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Turkey clears path for Finland, Sweden to join Nato

Ankara signs trilateral memorandum with two Nordic countries, paving way for them to join the military alliance
Turkish President Tayyip Erdogan meets with Nato Secretary General Jens Stoltenberg, Finland's President Sauli Niinisto and Swedish Prime Minister Magdalena Andersson ahead of a Nato summit in Madrid, Spain on 28 June 2022.
Turkish President Tayyip Erdogan meets with Nato Secretary-General Jens Stoltenberg, Finland's President Sauli Niinisto and Swedish Prime Minister Magdalena Andersson, ahead of a Nato summit in Madrid, Spain, on 28 June 2022 (Reuters)

Turkey, Sweden and Finland have signed a trilateral memorandum for the two Nordic countries to join Nato, removing Ankara's block to the accession process.

It comes after the leaders of the three nations spoke in a three-hour meeting at the Nato summit in Madrid.

"I am pleased to announce that we now have an agreement that paves the way for Finland and Sweden to join Nato," Nato Secretary-General Jens Stoltenberg said on Tuesday in a news conference confirming the deal.

"Turkey, Finland and Sweden have signed a memorandum that addresses Turkey's concerns, including around arms exports and the fight against terrorism."

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Finnish President Sauli Niinisto said he had met with his Turkish counterpart, Recep Tayyip Erdogan, as well as Swedish Prime Minister Magdalena Andersson and came out with a memorandum in which Ankara would support the two countries' bid to join the military alliance.

"As a result of that meeting, our foreign ministers signed a trilateral memorandum which confirms that Turkey will at the Madrid summit this week support the invitation of Finland and Sweden to become members of Nato," Niinisto said in a statement.

The deal ends a month-long dispute that threatened to disrupt a critical juncture in Nato history, as the Russian invasion of Ukraine had raised questions about how the alliance should respond.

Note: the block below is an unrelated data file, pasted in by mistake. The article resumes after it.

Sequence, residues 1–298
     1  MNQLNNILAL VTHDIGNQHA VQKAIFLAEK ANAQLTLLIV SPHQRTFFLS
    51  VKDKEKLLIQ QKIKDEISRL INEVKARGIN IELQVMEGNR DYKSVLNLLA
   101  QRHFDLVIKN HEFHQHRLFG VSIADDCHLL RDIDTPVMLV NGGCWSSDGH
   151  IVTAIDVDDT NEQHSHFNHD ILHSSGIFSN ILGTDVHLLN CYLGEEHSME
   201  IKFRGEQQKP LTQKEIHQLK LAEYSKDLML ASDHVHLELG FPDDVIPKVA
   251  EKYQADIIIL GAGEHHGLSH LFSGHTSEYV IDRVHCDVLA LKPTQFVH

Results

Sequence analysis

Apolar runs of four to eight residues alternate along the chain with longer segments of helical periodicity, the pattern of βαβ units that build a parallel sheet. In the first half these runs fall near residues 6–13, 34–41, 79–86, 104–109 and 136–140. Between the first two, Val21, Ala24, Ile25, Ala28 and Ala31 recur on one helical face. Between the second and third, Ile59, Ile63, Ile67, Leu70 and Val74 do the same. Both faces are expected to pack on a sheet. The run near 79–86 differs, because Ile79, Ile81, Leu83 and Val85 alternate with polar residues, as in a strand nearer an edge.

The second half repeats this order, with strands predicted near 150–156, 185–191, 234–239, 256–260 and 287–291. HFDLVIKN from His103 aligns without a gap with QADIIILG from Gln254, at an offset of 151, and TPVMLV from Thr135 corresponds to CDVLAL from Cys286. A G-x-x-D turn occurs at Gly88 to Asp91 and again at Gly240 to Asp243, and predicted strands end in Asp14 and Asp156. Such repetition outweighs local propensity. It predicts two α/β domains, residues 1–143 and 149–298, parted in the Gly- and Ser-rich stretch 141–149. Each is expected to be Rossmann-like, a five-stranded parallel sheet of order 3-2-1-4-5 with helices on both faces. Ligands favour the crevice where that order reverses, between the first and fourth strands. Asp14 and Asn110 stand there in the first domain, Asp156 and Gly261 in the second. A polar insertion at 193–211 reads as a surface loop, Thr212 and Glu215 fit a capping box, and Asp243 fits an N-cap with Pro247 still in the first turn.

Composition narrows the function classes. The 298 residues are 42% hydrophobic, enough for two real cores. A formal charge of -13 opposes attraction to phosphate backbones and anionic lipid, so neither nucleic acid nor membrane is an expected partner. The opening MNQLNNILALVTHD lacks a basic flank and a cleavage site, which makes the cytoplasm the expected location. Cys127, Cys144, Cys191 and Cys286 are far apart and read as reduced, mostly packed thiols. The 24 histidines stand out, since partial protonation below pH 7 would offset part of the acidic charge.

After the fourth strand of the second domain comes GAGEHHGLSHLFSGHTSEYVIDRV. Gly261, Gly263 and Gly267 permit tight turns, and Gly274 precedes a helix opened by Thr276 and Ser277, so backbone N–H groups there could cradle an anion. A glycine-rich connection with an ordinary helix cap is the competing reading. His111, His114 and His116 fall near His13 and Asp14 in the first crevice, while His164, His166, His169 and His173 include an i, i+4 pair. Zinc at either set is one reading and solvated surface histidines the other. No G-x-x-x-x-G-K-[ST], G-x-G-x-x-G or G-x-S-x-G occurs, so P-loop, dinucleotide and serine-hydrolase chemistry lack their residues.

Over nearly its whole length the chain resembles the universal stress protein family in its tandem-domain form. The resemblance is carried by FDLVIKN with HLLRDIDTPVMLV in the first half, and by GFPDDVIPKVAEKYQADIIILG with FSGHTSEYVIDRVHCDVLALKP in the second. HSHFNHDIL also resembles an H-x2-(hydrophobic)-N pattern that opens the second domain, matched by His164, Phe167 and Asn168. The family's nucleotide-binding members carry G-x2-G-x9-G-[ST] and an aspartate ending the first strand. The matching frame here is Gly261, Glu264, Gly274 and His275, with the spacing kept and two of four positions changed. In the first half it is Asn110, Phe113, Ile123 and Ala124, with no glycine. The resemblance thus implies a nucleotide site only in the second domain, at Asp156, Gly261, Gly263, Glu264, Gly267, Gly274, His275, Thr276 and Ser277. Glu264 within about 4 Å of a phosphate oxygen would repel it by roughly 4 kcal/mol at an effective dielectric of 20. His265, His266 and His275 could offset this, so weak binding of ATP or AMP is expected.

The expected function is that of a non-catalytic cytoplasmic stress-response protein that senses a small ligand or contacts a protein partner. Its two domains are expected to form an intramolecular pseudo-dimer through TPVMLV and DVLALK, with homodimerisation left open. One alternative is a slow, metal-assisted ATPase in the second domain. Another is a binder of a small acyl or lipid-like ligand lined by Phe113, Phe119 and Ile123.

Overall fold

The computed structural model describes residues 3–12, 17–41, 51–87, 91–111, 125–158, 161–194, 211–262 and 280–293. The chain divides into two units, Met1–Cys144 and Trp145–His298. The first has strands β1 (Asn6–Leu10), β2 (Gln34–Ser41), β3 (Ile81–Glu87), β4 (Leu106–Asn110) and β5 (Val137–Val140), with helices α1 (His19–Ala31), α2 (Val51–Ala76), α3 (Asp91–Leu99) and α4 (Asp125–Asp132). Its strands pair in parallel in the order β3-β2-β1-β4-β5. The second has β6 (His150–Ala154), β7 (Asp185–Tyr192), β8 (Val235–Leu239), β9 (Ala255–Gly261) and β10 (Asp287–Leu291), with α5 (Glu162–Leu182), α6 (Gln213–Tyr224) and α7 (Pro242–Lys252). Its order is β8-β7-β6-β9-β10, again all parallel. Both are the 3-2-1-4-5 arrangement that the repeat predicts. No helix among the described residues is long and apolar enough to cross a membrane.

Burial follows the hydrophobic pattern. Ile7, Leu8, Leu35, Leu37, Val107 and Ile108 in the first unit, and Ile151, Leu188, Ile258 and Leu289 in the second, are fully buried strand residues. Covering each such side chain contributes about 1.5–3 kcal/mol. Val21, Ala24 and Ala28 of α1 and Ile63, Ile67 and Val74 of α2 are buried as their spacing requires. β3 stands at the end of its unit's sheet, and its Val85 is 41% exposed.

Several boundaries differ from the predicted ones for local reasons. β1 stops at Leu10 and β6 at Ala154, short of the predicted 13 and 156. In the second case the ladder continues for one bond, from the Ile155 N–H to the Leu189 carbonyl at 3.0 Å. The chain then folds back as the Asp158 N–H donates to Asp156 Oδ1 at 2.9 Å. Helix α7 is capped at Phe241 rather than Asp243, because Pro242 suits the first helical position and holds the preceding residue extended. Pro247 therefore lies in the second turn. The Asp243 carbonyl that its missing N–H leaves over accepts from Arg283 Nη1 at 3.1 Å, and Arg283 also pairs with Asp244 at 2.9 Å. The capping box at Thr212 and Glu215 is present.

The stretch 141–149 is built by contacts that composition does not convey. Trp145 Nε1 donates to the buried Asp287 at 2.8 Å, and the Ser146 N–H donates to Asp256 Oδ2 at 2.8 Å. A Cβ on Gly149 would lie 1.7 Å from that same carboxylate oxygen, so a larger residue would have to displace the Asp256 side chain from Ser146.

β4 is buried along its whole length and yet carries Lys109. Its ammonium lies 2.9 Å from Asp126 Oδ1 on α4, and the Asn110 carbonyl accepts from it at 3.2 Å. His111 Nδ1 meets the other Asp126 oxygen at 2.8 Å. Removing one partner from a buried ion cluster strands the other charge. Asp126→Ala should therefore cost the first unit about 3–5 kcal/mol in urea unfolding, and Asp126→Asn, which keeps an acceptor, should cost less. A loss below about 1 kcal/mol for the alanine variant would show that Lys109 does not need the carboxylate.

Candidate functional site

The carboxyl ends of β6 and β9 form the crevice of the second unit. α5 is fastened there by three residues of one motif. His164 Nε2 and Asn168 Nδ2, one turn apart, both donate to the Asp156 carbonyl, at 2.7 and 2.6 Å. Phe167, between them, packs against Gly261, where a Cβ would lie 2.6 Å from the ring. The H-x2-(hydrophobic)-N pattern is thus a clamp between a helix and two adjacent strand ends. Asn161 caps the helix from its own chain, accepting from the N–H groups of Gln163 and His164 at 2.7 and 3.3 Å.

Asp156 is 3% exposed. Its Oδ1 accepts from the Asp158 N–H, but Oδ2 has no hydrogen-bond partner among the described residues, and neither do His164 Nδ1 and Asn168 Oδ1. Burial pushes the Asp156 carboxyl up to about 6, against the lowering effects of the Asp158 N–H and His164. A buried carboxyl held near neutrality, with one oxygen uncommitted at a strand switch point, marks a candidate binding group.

Turkey's terror concerns

Finland and Sweden formally applied to join the Nato alliance last month, following Moscow's invasion.

Turkey - which has the second-largest army in Nato - had warned that there would be no accession to membership unless the two countries agreed to extradite members of the Kurdistan Workers' Party (PKK), which has fought an armed struggle with the Turkish state since 1984.

Turkey, the US and the EU all designate the PKK as a terrorist organisation due to a history of deadly attacks on civilians. The group previously fought for an independent Kurdish state and now seeks autonomy for Kurdish areas.

'Sweden and Finland's membership will make our brilliant alliance stronger and safer'

- Boris Johnson, UK prime minister

Sweden and Finland had rejected Turkey's claims, affirmed their recognition of the PKK as a terrorist group and vehemently denied providing it with any support.

Finland's Niinisto reiterated on Tuesday that his country took Turkey's concerns over terrorism seriously, but added Helsinki would continue abiding by its existing policies on extraditions.

"As we enhance our cooperation on counter-terrorism, arms exports and extraditions, Finland naturally continues to operate according to its national legislation," he said in his statement.

Niinisto also told reporters that the memorandum, which will be made public at a later date, does not list individuals for extradition but rather describes principles for extraditions related to terrorism.

The news of Finland and Sweden's membership being green-lit was well-received by Nato countries, including the United Kingdom, where Prime Minister Boris Johnson said it was "fantastic news".

"Sweden and Finland's membership will make our brilliant alliance stronger and safer," he said.

A senior US administration official told Reuters the development was a "powerful shot in the arm" for Nato.

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